Dr Pam Lowe, a women’s reproductive health expert from Aston University, said: “When Trump suggested that women having abortions should be punished, many people in the UK felt that this was an outrageous and extreme position. Yet abortion remains a crime in all parts of the UK, punishable by up to life imprisonment. The 1967 Abortion Act, which remains the legal framework governing abortion in in England, Scotland and Wales, did not repeal the 1861 Offences against the Person Act which remains in force. This was written before women even had the vote.
“On Monday 13th March, the Reproductive Health (Access to Terminations) Bill will be introduced by Diane Johnson seeking to remove this anachronistic piece of legislation. It will not change the basis on which abortions are currently available, but will mean that abortion will be treated like other health-care issues. The current legislative framework was designed at a time when doctors routinely made decisions about a patient’s treatment without consultation with them. Today we expect patients to be at the heart of decision-making, and that should be the same for abortion. Whilst this may happen in practice, in law a paternalistic model is at the heart of the legislation.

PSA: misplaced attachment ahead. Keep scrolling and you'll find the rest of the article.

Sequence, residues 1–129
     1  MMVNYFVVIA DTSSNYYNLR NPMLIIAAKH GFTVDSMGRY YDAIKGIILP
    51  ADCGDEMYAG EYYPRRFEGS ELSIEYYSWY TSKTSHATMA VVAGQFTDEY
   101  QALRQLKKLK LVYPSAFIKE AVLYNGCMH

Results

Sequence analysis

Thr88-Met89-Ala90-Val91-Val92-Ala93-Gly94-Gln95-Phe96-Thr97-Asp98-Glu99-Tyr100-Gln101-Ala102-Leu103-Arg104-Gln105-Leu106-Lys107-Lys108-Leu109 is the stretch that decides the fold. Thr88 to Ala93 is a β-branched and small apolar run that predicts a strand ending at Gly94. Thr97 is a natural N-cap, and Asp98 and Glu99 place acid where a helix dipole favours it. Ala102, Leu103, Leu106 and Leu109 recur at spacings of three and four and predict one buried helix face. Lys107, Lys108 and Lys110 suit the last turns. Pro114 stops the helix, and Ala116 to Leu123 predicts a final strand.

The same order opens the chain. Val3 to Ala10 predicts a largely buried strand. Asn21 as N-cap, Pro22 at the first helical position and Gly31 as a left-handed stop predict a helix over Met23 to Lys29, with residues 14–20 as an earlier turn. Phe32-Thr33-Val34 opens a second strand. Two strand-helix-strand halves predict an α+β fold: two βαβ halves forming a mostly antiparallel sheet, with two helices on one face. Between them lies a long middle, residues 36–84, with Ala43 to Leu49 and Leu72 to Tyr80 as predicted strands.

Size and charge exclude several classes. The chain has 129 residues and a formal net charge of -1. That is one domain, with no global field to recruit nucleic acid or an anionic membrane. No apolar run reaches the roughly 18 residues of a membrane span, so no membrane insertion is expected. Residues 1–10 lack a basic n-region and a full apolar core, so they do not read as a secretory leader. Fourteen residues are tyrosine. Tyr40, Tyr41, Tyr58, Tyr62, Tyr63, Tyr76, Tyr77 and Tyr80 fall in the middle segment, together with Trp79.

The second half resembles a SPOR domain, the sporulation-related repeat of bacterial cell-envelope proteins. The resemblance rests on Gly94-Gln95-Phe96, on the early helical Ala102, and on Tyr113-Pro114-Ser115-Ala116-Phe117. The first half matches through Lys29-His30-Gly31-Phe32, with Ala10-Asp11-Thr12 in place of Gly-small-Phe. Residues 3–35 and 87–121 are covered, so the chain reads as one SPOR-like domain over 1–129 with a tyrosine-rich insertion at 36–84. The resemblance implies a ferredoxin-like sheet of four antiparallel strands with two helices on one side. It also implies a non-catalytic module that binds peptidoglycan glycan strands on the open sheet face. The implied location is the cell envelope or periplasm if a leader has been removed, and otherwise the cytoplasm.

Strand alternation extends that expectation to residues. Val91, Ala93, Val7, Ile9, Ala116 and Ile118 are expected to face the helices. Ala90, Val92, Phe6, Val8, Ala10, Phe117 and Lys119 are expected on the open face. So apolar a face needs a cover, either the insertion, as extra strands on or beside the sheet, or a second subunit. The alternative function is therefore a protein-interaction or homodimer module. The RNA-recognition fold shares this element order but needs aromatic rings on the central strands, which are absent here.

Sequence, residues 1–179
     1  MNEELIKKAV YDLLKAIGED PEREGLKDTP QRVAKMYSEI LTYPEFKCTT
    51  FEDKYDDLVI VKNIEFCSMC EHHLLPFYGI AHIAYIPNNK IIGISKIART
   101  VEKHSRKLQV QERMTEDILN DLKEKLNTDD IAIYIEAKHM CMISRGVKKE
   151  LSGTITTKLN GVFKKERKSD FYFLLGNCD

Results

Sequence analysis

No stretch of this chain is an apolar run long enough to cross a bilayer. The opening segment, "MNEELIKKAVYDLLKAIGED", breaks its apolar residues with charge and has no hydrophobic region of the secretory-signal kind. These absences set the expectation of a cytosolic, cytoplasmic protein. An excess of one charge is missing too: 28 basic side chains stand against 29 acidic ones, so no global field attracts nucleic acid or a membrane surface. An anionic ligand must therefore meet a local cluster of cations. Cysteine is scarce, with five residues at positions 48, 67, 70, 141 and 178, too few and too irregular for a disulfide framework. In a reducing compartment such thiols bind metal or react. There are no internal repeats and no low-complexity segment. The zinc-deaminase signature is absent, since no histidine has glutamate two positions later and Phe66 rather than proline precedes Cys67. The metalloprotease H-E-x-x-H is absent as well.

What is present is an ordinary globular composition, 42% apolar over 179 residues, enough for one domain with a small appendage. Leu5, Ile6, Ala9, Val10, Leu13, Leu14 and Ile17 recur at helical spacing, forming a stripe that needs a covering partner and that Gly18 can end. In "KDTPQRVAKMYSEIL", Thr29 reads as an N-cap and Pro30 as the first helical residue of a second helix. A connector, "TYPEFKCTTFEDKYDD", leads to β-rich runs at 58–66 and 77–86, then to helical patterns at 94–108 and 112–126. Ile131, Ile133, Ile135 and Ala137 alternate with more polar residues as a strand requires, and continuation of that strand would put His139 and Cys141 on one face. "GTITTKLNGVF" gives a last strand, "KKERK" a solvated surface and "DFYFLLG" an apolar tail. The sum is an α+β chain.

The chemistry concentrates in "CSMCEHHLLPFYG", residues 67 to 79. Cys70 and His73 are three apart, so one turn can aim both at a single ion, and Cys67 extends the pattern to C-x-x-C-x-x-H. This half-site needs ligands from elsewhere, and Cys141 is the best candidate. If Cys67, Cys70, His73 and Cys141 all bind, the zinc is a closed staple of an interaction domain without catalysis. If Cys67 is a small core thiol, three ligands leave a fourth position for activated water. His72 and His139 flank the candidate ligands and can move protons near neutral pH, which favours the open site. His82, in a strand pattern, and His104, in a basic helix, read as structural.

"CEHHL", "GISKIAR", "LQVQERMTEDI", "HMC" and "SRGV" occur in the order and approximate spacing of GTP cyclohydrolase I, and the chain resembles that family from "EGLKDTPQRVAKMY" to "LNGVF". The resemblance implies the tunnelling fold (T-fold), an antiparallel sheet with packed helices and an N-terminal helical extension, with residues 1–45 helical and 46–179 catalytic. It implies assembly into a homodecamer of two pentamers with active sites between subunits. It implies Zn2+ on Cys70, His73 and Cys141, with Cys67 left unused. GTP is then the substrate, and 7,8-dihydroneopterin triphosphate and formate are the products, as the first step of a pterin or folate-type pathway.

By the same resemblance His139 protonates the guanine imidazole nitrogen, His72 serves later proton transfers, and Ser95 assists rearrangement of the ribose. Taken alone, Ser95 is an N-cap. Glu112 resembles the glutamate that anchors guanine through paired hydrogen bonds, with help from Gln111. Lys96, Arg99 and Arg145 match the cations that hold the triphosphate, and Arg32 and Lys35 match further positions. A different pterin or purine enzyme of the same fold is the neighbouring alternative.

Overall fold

“The laws also predate the development of the abortion pill. The majority of abortions in the UK are now carried medical abortions, and there has been a rise of women buying abortion pills over the internet. Clearly it would be better if all women sought medical advice, but holding the threat of prison over women who feel unable to seek medical advice is unfair and unjust.
“This year is the 50th Anniversary of the Abortion Act. This was an important piece of legislation in securing the rights of women. In this anniversary year, it is time that we took abortion out of the criminal law and end the threat of punishment. Decriminalisation would not mean a return to dangerous backstreet abortions, instead it would give greater scope for abortion services to improve services to women.”
Notes to the editor
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